One game that should probably deserve a mention is the line of Fluxx games. To my knowledge there's quite a few themed card games and one board game of Fluxx. To illustrate my difference between voted on rule changes and limited rule changes, this is a great example. I've only played the card game myself so I'll explain the basics. So the game has a number of "Rules" cards, another number of "Goals" another of "Keepers" and one more of "Creepers". In contrast to Nomic the rules are very limited, no free editing of the rules since only the preprinted cards are allowed. The same goes for the other cards of course. Since the Rule cards are preprinted there are no "You Win!" or "You Lose!" rules and another difference is that you can only change the rules if you can play that Rule card. The same example can be said of the "Goals" cards, since in the printed rules instructions that is the win condition, which is not up for change via the Rules cards. So while someone can manipulate it to be very favorable for them to win via Rules cards, they can't win with complete certainty right away.

Unlimited But Delayed And Agreed Upon Changes

Another example of a game that can have rule changes and has an "Emperor" of sorts is DnD. The DM could make whatever rule changes they want or players could ask for house rules. The difference from Automatic changes is that the DM could make any changes they want but not without agreement from most people they are playing with. Those players could leave if they don't like said changes and similarly with any changes the players might ask for the DM to put into their game.

Fun vs Winning

The question of winning in a Nomic game brings question to what winning means to the player in other games or conditions. For example one of the longest lasting games Agora Nomic has maintained that "Winning" doesn't end the game. And that's true, many people may have had a family Monopoly game that ended with people seeing what "place" after 1st they got. However many people would through conditioning from other games believe that any game ends when someone wins. Probably carried over from 1 player vs 1 player games. In Blognomic the term "win" is not actually present in the non-Dynastic rules and the victory simply makes someone able to change the theme. So what does winning mean for a player in general? People seem to not always have the same reasons for playing or goals. As brought up here and some other places, there seems to be a general types of players. Although not everyone fits perfectly into those said slots, to be sure you don't assume everyone plays Blogomic to win. In fact some people might think of winning in Blognomic as a goal of there's in line with winning other games while another person might want to win in order to try their hand at theming a Dynasty.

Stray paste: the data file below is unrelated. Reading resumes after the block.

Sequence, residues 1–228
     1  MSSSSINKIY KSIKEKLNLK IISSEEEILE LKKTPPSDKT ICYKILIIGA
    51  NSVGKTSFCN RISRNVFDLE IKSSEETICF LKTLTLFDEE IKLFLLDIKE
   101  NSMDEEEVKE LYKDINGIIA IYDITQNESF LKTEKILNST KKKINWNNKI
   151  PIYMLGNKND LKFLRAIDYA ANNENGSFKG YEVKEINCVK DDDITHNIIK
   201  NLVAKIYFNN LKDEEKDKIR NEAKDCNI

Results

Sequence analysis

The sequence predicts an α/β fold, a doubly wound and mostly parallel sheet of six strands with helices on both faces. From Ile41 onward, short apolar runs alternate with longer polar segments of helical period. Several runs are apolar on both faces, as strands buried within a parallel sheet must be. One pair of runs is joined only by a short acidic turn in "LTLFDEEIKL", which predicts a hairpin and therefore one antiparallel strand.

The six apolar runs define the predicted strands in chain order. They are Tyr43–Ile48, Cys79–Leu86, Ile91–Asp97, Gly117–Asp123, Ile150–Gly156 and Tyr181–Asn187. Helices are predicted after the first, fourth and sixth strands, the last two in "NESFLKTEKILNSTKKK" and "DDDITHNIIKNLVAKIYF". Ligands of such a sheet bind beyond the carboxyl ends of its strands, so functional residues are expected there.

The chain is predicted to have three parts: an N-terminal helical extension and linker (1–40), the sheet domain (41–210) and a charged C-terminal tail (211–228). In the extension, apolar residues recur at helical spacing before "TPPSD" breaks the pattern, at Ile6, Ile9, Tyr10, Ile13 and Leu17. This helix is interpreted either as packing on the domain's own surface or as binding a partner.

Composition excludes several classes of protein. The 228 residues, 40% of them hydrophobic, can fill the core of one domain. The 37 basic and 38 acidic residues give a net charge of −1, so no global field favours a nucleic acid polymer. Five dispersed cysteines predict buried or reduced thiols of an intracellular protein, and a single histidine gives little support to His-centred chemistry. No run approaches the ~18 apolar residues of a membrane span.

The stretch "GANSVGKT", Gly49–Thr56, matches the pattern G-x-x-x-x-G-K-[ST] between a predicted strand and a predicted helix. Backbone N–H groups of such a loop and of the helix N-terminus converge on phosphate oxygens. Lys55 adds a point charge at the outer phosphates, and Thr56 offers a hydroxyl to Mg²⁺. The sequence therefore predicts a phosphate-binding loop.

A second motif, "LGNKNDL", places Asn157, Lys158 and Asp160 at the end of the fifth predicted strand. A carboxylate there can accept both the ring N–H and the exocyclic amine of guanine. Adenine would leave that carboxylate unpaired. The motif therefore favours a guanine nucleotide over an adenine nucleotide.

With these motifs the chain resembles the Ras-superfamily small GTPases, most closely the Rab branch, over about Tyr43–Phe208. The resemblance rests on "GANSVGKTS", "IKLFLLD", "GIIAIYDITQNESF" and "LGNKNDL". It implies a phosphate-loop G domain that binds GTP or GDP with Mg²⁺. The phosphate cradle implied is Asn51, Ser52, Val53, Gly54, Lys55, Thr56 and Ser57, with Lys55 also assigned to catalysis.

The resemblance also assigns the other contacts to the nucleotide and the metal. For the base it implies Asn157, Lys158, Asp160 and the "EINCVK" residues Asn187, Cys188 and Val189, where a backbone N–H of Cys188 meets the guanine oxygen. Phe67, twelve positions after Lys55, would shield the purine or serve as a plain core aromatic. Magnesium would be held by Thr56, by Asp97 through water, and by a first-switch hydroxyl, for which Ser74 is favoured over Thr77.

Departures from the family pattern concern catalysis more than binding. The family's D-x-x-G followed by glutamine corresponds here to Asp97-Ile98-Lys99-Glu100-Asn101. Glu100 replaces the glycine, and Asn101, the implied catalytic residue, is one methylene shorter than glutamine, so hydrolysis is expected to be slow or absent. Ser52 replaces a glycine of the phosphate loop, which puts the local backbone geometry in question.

How fun a board game is to each player depends upon how the other players interact with the game; if a half the people at the table don't enjoy playing said game then the mood turns sour. This fact is simply increased with games with interactive story telling such as RPGs or Nomic. If people don't "get" Nomic the first rule they may try to implement would be some victory condition that would immediately end the game. When you can make trivial victory conditions such as "the first person to speak wins" the idea of wining can be boring. Without a challenge, winning ceases to be fun for many people, which is why most players will vote against a proposal most of the time that says "random/specific player wins" -- as an aside most boardgames or even player versus player video games makes winning something to desire by comparing skill or some similar thing: winning a game of ratscrew is more fun or enjoyable than winning a game of war against someone, however it depends upon your opponent. Ratscrew against a paraplegic or similarly disabled player is about as fun as playing war against yourself.